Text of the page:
Things I would probably have better luck predicting than the performance of bullpens in the upcoming MLB season:
• The weather in Gary, Ind., on Nov. 28, 2049.
• The sex of the eventual first-born child of current 4-year-old Prince Louis of Wales.
• The 2028 Summer Olympics gold medal winner in badminton.
• The price of Bitcoin as of 3:38 p.m. ET tomorrow.
The list goes on and on. This annual column is always the most self-defeating, frustrating, pointless predictions piece I will write all year (which, if you’re familiar with my predictions, is really saying something).
But bullpens are too important to not be included in our annual Top 10 series, which began with the lineups. So here are the top 10 bullpens in MLB for 2023.
Key arms: Ryan Pressly, Rafael Montero, Bryan Abreu, Héctor Neris, Ryne Stanek
Why overcomplicate things? The Astros had the best relief ERA (2.80), best strikeout rate (28.3%), best Fielding Independent Pitching mark (3.05) and best left-on-base percentage (76.8%) of any team in baseball last season. And they’re bringing everybody back. So they’re No. 1.
Beyond the regular season, closer Pressly and Abreu were both unscored-upon in at least 11 innings of work apiece in the postseason. Montero and Neris allowed a combined three runs in 15 1/3 innings. The entire ‘pen allowed just five earned runs across 54 innings. Of course, maybe that’s the rub. Maybe the wear and tear of October catches up with the Astros. And unless trade acquisition Matt Gage -- who was optioned to Triple-A -- emerges, they lack a lefty presence. But again, why overcomplicate things? The Astros’ bullpen was great last year and is set up to be great again.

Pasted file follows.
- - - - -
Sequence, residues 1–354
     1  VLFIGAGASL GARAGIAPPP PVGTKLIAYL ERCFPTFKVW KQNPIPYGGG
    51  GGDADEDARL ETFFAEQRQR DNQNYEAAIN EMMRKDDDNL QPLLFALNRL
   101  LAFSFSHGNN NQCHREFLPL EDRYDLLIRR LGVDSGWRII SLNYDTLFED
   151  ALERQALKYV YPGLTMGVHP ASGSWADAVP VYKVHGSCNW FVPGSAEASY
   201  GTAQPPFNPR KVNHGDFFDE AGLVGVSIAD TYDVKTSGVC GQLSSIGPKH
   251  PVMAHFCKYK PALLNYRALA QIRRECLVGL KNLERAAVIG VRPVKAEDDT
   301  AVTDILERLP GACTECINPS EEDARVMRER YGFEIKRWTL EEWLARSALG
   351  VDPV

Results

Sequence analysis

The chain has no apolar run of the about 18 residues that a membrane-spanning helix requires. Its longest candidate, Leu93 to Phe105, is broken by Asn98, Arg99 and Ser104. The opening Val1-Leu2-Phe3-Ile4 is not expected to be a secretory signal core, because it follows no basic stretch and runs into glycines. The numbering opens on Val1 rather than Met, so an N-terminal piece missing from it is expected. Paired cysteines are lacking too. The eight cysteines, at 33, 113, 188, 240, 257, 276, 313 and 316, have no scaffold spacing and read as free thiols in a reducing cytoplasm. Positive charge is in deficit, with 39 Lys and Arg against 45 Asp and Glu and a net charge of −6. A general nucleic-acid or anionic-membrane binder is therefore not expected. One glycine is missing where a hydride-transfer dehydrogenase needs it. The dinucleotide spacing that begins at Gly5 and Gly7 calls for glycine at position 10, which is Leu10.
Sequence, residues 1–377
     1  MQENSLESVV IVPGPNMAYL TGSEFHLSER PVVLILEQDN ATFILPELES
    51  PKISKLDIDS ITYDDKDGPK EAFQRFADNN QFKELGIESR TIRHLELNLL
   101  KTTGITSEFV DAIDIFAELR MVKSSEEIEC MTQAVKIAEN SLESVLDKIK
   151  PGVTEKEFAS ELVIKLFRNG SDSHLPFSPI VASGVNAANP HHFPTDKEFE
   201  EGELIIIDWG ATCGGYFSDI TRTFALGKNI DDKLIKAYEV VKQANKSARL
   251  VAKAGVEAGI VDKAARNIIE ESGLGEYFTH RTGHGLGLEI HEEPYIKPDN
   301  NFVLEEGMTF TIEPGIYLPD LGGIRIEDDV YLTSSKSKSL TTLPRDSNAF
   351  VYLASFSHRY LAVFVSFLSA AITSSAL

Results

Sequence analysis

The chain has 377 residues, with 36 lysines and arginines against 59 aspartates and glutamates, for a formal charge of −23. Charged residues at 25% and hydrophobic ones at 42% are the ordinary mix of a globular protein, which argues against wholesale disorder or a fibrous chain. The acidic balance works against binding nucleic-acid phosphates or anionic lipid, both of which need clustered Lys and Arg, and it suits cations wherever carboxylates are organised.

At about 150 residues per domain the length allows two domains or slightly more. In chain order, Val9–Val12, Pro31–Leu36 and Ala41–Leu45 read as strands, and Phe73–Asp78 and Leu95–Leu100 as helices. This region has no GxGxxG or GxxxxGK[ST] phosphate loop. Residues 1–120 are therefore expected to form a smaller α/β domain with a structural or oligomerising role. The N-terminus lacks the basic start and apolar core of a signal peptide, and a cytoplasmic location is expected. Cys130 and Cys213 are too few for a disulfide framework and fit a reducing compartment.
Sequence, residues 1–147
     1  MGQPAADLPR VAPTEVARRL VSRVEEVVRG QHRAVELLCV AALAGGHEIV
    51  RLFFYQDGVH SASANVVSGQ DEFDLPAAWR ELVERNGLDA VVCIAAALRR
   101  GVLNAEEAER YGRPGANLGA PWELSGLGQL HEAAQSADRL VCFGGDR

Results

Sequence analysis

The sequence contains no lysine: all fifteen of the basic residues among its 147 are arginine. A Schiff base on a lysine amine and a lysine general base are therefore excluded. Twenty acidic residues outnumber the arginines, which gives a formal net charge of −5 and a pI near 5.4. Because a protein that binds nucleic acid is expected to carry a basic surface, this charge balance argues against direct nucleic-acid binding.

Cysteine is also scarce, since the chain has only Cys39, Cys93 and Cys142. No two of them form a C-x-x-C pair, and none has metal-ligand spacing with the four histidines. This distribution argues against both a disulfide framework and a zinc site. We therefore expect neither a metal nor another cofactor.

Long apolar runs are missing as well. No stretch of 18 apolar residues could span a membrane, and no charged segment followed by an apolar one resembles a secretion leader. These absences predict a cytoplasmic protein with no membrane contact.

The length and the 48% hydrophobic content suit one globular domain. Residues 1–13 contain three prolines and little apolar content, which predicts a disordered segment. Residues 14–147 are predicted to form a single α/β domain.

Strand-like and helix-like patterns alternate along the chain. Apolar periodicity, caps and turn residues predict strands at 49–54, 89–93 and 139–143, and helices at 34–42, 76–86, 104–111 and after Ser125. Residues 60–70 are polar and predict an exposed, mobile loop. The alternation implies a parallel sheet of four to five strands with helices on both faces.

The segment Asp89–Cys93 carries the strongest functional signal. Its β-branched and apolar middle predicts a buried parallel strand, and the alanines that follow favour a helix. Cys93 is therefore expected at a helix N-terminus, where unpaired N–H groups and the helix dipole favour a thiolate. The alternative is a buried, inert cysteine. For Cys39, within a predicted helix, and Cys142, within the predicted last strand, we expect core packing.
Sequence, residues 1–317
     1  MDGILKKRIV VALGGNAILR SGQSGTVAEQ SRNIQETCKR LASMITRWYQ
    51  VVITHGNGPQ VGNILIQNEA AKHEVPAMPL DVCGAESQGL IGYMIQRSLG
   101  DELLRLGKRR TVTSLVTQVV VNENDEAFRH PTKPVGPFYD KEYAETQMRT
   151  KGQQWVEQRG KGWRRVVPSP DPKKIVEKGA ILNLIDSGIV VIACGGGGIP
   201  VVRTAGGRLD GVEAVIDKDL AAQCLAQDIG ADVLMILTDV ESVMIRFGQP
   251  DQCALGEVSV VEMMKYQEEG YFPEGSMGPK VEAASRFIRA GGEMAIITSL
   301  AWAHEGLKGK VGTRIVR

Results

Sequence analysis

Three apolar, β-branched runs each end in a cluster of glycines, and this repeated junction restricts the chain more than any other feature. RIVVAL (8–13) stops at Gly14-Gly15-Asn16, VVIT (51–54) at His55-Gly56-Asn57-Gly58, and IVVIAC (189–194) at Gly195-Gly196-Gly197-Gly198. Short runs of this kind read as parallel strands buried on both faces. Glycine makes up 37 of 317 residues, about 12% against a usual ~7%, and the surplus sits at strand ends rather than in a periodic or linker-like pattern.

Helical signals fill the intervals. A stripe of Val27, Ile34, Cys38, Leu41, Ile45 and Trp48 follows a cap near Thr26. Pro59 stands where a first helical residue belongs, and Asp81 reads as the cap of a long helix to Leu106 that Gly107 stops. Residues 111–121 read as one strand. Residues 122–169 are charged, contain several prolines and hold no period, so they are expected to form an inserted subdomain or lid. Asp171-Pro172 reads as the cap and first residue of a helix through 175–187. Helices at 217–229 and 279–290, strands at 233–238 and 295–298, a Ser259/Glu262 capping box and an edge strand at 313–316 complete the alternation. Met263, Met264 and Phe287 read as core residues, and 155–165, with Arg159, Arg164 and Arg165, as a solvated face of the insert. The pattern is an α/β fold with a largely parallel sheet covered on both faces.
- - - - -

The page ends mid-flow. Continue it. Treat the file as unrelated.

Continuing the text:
Key arms: Josh Hader, Robert Suarez, Luis García, Tim Hill, Drew Pomeranz
Hader and a healthy Suarez should form one of the best one-two punches in baseball. As a pending free agent, Hader has 102 million (the amount of dollars Edwin Díaz got in a record-setting relief deal) reasons to have a strong walk year. And Suarez -- expected to start the season on the injured list with arm soreness -- was a 31-year-old rookie revelation last season, with a 2.27 ERA and 61 strikeouts in 47 2/3 innings.
A healthy Pomeranz might be the key to the whole darn thing. He signed a four-year deal prior to 2020 but has only pitched 44 1/3 innings. He’s coming off flexor tendon surgery but looks as though he could be ready to make an impact again. So the Padres should have a good bullpen.
Key arms: Raisel Iglesias, A.J. Minter, Collin McHugh, Joe Jiménez, Kirby Yates
After leading the NL with 41 saves in his lone season with the Braves, Kenley Jansen left in free agency. But Atlanta had acquired Iglesias, who has a 2.55 ERA and 0.94 WHIP over the past three seasons, at last year’s Trade Deadline. (Iglesias will begin the season on the IL with a shoulder issue, but the team says he has no structural damage and will be back “sooner than later.” We’re taking their word for it with this ranking, but we shall see.)